Sunrise at Albuquerque, New Mexico, located about 26 miles southwest of the accident site, was at 0725. Civil twilight began at 0700. Daylight savings time changed on March 8, 2009.

Weather at Albuquerque, New Mexico (ABQ), at 0533 was reported ceiling 2,900 feet overcast, visibility 10 miles, light rain, temperature 43 degrees Fahrenheit (F), dew point 37 degrees F, winds 310 degrees at 9 miles per hour, altimeter setting 29.97 inches of Mercury (Hg), mountains obscured northeast thru southeast.

Weather at Santa Fe, New Mexico (SAF), at 0453 was reported ceiling 4,800 feet overcast, visibility 10 miles, temperature 43 degrees F, dew point 25 degrees F, winds 280 degrees at 11 miles per hour, altimeter setting 29.95 inches of Hg. At 0553, SAF weather was reported ceiling 2,400 feet overcast, visibility 10 miles, light rain, temperature 36 degrees F, dew point 32 degrees F, winds 300 degrees at 6 miles per hour, altimeter setting 29.97 inches of Hg.

Weather at LAM at 0550 was reported 2,000 feet broken, 3,100 feet overcast, calm winds, and 10 miles visibility.

A witness living at 1N1 described hearing rain falling between 0500 and 0530. Responding law enforcement officers reported heavy snow and rain falling between the accident site and Sandia Mountain to the west.


The airplane impacted the west facing slope of a north-south running ridgeline at 7,074 feet MSL, about 600 feet north of SR-344. The slope was moderate terrain covered in pinion trees and small boulders. The wreckage debris field was about 100 feet long and aligned on a 105 degree magnetic heading. Broken trees and branches near the impact point were consistent with impact from the airplane in a 35 degree nose low and 30 to 40 degree right bank attitude.

Examination of the airplane revealed the airplane mostly burned. Flight control cable continuity was verified from the cockpit controls to each aileron, elevator and rudder control surface. One propeller blade had multiple leading edge gouges, up to one half inch deep, and chord wise scratches. The second blade was bent aft. No evidence of catastrophic engine failure was found.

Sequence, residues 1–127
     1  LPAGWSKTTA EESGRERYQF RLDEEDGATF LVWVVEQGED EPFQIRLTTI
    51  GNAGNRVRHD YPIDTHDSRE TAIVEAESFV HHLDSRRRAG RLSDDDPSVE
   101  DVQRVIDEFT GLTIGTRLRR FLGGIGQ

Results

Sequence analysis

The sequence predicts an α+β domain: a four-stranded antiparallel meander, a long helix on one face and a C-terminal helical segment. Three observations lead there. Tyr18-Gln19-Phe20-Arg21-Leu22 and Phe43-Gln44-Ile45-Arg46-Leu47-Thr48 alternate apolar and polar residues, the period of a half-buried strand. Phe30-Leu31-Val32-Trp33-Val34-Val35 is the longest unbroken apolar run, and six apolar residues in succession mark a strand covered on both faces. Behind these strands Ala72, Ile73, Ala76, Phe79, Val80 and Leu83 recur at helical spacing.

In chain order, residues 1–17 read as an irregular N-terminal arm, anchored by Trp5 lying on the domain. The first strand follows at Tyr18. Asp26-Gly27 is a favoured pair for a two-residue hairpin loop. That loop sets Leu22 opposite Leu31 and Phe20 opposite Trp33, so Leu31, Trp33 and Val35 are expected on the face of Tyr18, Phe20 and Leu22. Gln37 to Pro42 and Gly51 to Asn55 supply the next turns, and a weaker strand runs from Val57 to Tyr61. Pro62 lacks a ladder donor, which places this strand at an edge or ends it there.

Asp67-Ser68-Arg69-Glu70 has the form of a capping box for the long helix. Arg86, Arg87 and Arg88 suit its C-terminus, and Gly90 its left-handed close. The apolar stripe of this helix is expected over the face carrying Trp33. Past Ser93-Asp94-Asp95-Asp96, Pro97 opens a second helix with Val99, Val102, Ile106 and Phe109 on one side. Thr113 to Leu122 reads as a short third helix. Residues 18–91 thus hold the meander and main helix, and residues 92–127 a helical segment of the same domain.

The Office of the Medical Investigator, State of New Mexico, located in Albuquerque, New Mexico, performed an autopsy on the pilot on March 10, 2009. The cause of death was attributed to multiple blunt force trauma.

The autopsy report noted, in part, that “The urinary bladder contains 160 ml of clear urine; the mucosa is gray-tan and smooth.” Toxicological testing performed in conjunction with the autopsy noted 0.092mg/100ml of ethanol in subclavian blood.

The FAA, Toxicology Accident Research Laboratory, located in Oklahoma City, Oklahoma, conducted toxicological testing on the pilot. The pilot tested negative for carbon monoxide and Cyanide. The pilot tested positive for ethanol in his blood, urine and muscle in the following amounts:

- 75 (mg/dl, mg/hg) ethanol detected in blood.

- 191 (mg/dl, mg/hg) ethanol detected in urine.

- 83 (mg/dl, mg/hg) ethanol detected in muscle.

The FAA, Toxicology Accident Research Laboratory, provided the following clinical report with the toxicological testing results.

" Postmortem vitreous glucose levels above 125 mg/dL are considered abnormal and postmortem urine levels above 100 mg/dL are considered abnormal.” “Hemoglobin A1C blood levels above 6% are considered abnormal.” “A 5-HTOL/5-HIAA ratio value < 15 pmol/nmol is not consistent with ethanol ingestion, while a ratio value > 15 pmol/nmol is indicative of ethanol ingestion."

- 17.29 (pmol/nmol) serotonin metabolite ratio detected in urine.

There were no witnesses located that could testify to the pilots behavior the night prior to the accident.

NTSB Probable Cause

The pilot's continued visual flight into instrument meteorological conditions. Contributing to the accident were the pilot's recent usage of alcohol and his subsequent impairment.